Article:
The rise of the self-service customer

  • The rise of the self-service customer: Why retailers need to give their customers greater freedom of choice

    January 2020

    Consumers now want the freedom to shop their way. They want the power to reach into the retailers’ full inventory to choose the SKU they want, whether it is in a remote warehouse or store or even deeper in the retailer’s supply chain. They also expect a wider range of choices when it comes to such things as payment and fulfilment. One rigid set of options will simply no longer satisfy. This extended freedom to choose is the new industry differentiator and those retailers who fail to deliver risk being at a significant competitive disadvantage compared to their peers.

    A real-time, single view is essential when it comes to turning this level of customer self-service into a reality. Retailers need a highly accurate cloud-based record of SKU locations, and also the ability to share this information in real-time with customers.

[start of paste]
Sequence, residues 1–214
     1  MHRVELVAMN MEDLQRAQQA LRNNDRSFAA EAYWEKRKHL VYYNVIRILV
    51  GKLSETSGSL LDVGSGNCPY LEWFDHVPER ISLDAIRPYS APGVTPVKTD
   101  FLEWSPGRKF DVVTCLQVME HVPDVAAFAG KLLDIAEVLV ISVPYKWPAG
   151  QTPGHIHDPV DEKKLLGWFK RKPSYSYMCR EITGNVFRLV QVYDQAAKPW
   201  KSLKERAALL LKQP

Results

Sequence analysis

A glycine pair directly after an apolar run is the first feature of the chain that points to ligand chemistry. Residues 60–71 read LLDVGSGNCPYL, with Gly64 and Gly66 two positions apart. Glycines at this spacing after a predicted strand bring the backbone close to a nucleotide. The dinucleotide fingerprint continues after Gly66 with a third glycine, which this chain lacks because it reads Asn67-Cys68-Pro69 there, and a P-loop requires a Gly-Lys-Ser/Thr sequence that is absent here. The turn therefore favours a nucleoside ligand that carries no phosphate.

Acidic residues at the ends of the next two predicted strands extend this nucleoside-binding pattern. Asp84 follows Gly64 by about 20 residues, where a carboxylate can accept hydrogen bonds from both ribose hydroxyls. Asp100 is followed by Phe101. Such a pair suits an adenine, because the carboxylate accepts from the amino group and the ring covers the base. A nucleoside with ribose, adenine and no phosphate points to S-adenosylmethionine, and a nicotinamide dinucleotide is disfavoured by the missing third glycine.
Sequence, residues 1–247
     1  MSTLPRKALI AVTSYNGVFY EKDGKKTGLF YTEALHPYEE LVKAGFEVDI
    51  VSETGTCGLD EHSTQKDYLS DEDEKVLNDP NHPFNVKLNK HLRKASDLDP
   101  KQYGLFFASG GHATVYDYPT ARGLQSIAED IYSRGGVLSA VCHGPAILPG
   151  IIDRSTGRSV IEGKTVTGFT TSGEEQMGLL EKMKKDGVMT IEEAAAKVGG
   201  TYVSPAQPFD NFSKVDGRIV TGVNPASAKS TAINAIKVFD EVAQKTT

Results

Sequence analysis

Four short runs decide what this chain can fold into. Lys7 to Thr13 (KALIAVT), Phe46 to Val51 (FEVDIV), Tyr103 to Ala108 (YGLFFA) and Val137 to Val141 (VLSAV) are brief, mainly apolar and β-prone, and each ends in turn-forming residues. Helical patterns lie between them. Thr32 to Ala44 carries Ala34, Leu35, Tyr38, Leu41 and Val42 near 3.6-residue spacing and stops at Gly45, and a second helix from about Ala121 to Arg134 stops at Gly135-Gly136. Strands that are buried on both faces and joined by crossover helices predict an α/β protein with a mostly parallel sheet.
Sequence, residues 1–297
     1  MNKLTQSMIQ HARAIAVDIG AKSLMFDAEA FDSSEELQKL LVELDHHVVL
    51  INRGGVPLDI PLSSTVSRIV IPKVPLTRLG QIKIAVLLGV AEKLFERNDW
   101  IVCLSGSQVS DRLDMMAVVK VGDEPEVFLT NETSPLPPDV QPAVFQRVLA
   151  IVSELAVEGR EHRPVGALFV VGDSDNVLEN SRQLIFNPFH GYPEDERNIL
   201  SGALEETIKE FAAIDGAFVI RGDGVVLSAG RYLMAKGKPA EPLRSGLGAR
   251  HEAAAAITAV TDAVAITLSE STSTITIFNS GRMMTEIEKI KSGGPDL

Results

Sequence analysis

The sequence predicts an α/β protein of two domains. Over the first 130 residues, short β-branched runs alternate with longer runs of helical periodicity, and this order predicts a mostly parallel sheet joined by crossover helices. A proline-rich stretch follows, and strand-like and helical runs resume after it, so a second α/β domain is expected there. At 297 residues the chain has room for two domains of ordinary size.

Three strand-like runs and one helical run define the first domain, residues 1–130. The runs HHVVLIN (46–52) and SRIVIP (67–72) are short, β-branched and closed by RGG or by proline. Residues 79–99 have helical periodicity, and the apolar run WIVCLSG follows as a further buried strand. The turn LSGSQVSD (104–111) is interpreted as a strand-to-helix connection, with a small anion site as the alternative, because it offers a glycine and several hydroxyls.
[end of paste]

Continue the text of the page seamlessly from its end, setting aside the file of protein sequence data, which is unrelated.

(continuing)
The most advanced retailers are now able to keep track of SKUs while those products are still deep in the supply chain, and also their location if they are in the process of being returned by a customer. This holistic approach to stock management avoids value being tied up while stock sits idly in a shipping container or a warehouse and it ensures profitability is maximised wherever stock may be.

    Consumers expect to have this comprehensive ability to delve inside a retailer’s inventory whether the customer is online (using a simple product search) or in-store (through a store assistant’s tablet or a self-service kiosk) and the only reason customers care about SKU location is the extent to which it impacts on delivery time.

    Delivering a full range of fulfilment options

    Fulfilment is another aspect of retail that shoppers expect to have greater control over – and this expectation isn’t just isolated to ecommerce. Whether they’re buying in-store or online, consumers want to choose the fulfilment method that will dovetail effortlessly with their busy lifestyles at any one point in time.